Instance Metrics and Health Checks

Learn about instance metrics and health checks.

Instance metrics

The instance itself won’t be able to tell much about overall system health, but it should emit metrics that can be collected, analyzed, and visualized centrally. This may be as simple as periodically spitting a line of stats into a log file. The stronger our log-scraping tools are, the more attractive this option will be. Within a large organization, this is probably the best choice.

An ever-growing number of systems have outsourced their metrics collection to companies like New Relic and Datadog. In these cases, providers supply plugins to run with different applications and runtime environments. They’ll have one for Python apps, one for Ruby apps, one for Oracle, one for Microsoft SQL Server, and so on. Small teams can get going much faster by using one of these services. That way we don’t have to devote time to the care and feeding of metrics infrastructure, which can be substantial. Some developers from Netflix have quipped that Netflix is a monitoring system that streams movies as a side effect.

Health checks

Metrics can be hard to interpret. It takes some time to learn what “normal” looks like in the metrics. For quicker, easier summary information we can create a health check as part of the instance itself. A health check is just a page or API call that reveals the application’s internal view of its own health. It returns data for other systems to read (although that may just be nicely attributed HTML).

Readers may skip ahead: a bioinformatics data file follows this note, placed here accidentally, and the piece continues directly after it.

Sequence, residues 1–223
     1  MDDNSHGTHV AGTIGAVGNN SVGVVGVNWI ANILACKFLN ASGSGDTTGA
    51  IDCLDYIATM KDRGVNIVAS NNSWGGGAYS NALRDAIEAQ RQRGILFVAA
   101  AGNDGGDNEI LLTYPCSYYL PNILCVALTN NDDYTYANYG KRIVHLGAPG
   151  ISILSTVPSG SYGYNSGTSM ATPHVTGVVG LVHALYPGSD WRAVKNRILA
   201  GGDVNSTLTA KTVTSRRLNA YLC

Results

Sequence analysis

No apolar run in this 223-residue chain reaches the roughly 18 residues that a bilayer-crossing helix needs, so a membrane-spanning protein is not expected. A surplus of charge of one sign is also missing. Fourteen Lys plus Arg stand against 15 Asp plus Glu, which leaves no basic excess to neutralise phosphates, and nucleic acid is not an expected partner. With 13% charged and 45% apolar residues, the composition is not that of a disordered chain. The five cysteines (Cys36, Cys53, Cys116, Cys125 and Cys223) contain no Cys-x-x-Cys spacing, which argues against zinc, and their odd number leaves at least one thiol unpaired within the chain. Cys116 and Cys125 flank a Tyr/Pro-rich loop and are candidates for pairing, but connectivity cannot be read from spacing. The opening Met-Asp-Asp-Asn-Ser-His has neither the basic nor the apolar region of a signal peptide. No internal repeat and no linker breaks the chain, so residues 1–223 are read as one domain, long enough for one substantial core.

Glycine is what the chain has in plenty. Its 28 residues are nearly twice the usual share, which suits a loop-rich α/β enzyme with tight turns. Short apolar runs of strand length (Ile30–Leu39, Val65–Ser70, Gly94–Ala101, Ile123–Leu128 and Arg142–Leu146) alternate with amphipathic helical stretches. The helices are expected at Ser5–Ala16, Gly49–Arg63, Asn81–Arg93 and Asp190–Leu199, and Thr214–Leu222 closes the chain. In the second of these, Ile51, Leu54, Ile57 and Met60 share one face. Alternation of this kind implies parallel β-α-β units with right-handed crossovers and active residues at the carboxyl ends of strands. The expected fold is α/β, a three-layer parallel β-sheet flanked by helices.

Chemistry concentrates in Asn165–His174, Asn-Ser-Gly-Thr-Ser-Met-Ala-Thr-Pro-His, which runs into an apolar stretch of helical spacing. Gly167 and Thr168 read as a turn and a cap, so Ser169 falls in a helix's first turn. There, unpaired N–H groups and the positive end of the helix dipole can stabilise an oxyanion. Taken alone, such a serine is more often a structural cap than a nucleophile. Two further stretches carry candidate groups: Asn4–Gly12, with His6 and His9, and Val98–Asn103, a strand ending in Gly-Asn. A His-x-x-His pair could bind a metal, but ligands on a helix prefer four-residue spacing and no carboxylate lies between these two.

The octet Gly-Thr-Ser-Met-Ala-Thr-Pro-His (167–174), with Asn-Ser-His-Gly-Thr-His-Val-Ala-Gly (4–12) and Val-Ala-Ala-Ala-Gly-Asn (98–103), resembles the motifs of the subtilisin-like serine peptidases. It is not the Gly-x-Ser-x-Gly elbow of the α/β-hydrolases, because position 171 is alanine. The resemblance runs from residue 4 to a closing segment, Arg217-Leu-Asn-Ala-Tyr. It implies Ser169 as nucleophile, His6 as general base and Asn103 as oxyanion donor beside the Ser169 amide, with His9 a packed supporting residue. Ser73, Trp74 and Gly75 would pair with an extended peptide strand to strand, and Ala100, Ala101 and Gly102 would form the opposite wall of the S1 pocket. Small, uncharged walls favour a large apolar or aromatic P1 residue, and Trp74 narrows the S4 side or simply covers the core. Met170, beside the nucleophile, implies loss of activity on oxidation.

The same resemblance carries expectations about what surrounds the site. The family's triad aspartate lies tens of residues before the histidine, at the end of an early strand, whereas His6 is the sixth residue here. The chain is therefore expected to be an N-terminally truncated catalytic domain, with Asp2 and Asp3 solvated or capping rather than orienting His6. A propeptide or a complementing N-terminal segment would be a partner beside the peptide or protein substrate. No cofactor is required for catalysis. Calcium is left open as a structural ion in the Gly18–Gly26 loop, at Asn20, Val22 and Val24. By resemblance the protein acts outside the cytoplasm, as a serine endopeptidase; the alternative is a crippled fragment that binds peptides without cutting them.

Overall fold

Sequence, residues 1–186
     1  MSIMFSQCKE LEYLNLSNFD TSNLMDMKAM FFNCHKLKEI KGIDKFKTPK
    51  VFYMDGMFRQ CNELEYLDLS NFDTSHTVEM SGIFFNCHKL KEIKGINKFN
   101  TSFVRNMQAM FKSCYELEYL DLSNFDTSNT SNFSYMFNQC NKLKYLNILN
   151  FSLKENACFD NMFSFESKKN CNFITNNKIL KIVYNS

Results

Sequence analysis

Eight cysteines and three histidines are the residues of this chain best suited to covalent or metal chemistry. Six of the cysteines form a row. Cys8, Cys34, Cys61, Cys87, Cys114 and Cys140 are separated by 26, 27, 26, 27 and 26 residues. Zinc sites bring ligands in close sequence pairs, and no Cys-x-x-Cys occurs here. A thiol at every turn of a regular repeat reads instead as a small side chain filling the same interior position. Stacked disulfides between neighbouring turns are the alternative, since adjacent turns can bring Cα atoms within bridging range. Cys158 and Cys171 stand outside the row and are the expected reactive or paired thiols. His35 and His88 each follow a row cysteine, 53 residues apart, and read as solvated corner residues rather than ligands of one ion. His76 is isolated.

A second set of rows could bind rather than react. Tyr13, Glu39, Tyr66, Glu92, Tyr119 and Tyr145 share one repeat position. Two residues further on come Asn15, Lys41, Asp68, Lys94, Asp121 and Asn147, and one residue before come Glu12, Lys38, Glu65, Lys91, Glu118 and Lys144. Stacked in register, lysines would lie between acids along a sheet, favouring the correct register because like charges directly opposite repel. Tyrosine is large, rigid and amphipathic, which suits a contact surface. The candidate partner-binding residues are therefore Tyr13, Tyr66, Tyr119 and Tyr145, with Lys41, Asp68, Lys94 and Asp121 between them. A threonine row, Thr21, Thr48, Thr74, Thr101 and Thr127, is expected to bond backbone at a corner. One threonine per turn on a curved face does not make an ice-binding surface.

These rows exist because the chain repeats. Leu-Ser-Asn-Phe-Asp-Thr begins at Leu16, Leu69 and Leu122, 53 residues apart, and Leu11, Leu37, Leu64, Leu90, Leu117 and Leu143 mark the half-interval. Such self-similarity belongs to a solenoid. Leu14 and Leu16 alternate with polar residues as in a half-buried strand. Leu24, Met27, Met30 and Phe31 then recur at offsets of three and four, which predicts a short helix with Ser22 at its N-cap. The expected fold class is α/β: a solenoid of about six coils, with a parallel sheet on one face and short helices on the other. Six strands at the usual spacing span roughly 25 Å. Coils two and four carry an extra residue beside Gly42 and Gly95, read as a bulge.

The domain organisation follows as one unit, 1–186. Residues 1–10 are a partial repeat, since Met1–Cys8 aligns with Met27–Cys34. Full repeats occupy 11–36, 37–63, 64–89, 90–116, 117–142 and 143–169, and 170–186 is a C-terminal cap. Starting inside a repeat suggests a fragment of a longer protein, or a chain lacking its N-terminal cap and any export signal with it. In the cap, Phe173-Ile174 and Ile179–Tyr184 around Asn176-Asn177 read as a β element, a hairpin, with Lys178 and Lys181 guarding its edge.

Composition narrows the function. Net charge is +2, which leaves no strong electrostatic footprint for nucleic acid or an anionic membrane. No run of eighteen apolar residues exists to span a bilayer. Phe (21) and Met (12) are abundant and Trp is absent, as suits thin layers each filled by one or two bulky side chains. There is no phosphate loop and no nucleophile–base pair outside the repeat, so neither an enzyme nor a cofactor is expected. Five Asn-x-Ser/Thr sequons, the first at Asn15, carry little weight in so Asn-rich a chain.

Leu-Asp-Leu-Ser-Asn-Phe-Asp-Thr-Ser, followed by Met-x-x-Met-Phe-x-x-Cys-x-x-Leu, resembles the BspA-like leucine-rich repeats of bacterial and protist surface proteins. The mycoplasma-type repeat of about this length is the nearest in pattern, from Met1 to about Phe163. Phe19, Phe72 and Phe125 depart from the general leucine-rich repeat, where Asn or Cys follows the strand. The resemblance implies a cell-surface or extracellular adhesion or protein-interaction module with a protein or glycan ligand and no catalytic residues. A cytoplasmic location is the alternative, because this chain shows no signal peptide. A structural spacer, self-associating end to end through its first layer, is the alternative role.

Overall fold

Health checks should be more than just “yup, it’s running.” It should report at least the following:

  • The host IP address or addresses
  • The version number of the runtime or interpreter (Ruby, Python, JVM, .Net, Go, and so on)
  • The application version or commit ID.
  • Whether the instance is accepting work
  • The status of connection pools, caches, and circuit breakers

The health check is an important part of traffic management, which we’ll examine further in the Interconnect chapter. Clients of the instance shouldn’t look at the health check directly; they should be using a load balancer to reach the service. The load balancer can use the health check to tell if a machine has crashed, but it can also use the health check for the “go live” transition, too. When the health check on a new instance goes from failing to passing, it means the app is done with its startup.

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